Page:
A study by researchers at Leeds Beckett University has found there is no link between the food environment and childhood obesity.
The research study, led by Leeds Beckett childhood obesity expert Dr Claire Griffiths, measured the exposure of over 13,000 children in Leeds to supermarkets, takeaways and retail outlets in three relevant environments – their home, their school and their commuting route. These environments were then used to estimate the association between the food environment and the child’s weight status.
Results from the study, published today in the International Journal of Behavioural Nutrition and Physical Activity, revealed that there was no evidence of an association between the number or type of food outlets and childhood obesity in any of these environments. Additionally, there was no evidence of an association between the proximity to the nearest food outlet from the home or school and childhood obesity.
Speaking about the findings Dr Griffiths commented: “This study provides little support for the notion that exposure to fast food and other food outlets in the home, school and commuting neighbourhoods increase the risk of obesity in children. It seems that the evidence is not well placed to support governmental interventions and recommendations currently being proposed including zoning laws around schools and I would urge policy makers to approach policies designed to limit food outlets with caution.
In the UK, one in three children and young people (approximately 4.5 million) are overweight or obese and obesity-related illnesses cost the NHS an estimated £5.1 billion a year. The ‘food environment’, which includes any opportunity to obtain food, is a key government concern and therefore much attention has recently been focussed on action in this area, with public health professionals in the UK being encouraged to address the number of fast food outlets in their area to support healthier lifestyles.
So far research has mainly centred around food availability around schools with little research being done at household level in children. This study is the first in the UK to analyse home, school and commuting environments in a large sample of children over three years, using weight status as the outcome measure.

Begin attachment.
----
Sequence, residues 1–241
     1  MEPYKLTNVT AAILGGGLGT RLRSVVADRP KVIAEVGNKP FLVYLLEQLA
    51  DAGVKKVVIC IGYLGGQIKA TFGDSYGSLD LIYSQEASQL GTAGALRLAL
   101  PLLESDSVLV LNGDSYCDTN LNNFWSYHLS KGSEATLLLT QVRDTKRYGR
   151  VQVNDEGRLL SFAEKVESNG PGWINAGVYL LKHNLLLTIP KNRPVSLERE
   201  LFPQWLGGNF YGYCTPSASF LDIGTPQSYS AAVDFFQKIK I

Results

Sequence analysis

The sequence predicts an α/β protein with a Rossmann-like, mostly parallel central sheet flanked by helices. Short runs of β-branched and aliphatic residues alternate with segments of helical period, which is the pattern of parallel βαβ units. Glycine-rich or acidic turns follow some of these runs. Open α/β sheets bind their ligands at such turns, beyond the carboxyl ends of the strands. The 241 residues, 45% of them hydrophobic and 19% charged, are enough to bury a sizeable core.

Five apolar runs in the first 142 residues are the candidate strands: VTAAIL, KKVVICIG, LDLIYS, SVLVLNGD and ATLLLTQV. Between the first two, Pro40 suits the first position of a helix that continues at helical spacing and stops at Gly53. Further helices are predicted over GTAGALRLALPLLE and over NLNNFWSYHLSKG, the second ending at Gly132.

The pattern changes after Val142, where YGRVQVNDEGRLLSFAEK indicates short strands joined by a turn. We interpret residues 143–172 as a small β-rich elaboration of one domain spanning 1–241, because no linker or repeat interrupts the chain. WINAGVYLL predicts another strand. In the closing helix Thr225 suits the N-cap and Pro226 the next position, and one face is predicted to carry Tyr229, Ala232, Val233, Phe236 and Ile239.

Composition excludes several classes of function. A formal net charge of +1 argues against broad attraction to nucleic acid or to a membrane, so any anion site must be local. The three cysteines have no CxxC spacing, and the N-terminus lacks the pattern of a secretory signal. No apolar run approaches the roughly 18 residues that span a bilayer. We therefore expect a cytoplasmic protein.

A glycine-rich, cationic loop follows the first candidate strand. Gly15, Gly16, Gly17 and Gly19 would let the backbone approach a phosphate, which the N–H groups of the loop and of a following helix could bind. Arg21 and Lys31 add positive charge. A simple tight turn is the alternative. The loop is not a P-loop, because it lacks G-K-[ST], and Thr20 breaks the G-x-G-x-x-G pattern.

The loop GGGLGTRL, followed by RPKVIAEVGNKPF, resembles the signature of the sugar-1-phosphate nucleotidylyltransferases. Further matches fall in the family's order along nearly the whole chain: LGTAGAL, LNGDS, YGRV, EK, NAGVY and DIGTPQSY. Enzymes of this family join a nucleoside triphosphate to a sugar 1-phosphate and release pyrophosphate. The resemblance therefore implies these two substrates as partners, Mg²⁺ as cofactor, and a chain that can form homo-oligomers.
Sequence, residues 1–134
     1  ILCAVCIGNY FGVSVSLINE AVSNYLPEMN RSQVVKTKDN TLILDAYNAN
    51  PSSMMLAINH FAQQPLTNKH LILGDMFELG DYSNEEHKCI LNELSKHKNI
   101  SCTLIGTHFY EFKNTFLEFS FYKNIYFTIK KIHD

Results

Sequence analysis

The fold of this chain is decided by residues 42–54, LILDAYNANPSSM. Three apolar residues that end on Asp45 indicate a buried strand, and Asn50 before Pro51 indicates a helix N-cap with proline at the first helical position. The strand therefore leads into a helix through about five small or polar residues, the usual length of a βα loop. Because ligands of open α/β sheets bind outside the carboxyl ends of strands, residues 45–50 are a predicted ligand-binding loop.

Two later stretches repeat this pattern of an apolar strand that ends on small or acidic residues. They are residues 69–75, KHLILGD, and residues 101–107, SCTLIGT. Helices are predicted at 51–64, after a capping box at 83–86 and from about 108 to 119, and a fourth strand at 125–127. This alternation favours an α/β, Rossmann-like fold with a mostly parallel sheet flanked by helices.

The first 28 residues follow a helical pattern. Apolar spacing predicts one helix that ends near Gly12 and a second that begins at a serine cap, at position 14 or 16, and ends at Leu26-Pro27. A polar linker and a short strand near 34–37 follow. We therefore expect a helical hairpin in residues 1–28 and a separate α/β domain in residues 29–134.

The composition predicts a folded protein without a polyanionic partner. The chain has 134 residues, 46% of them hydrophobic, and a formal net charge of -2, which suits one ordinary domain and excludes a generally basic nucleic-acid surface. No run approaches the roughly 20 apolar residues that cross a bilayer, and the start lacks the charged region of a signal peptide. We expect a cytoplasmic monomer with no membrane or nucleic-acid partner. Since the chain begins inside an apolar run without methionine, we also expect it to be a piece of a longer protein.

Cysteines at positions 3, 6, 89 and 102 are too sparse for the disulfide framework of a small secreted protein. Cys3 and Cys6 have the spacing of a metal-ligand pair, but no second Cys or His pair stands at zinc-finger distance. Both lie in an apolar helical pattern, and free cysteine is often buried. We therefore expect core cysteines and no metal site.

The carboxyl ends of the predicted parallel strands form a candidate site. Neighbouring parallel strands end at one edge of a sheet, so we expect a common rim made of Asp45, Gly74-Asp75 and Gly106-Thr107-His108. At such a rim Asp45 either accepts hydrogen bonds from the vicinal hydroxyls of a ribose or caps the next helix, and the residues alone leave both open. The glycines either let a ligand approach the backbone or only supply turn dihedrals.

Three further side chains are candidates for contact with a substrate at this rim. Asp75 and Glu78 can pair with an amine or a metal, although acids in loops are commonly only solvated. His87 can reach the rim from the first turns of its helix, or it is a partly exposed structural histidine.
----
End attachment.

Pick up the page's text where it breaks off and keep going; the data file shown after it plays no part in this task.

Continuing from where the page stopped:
Previous research published by Dr Griffiths suggested that the relationship between obesity and deprivation is not the highest in more deprived groups. The study investigated the relationship between obesity and area level deprivation, based on where a child lives; in 13,333 Leeds school children over three years. Results showed that children living in the middle-affluent areas had the greatest probability of being obese according to all measures of obesity, with this relationship being more marked in girls.
For further details please contact Carrie Braithwaite in the Communications team at Leeds Beckett on 0113 812 3022 or email email@example.com
Notes for editors:
- Leeds Beckett University was previously Leeds Metropolitan University.
- Leeds Beckett University has around 32,000 students and just over 3,000 staff.
- The Vice Chancellor of Leeds Beckett University is Professor Susan Price and the Chancellor is Sir Bob Murray CBE.
- Leeds Beckett’s four faculties are: Arts, Environment and Technology, Business & Law, Health and Social Sciences, and Carnegie.
- Leeds Beckett University is the only university in the UK to have achieved both the Customer Service Excellence standard, Investors in People Gold and the RoSPA Gold medal.
- The Destination of Leavers in Higher Education (DLHE) showed that the proportion of Leeds Beckett 2012/13 graduates in work, further study or both six months after leaving university was 93.7%.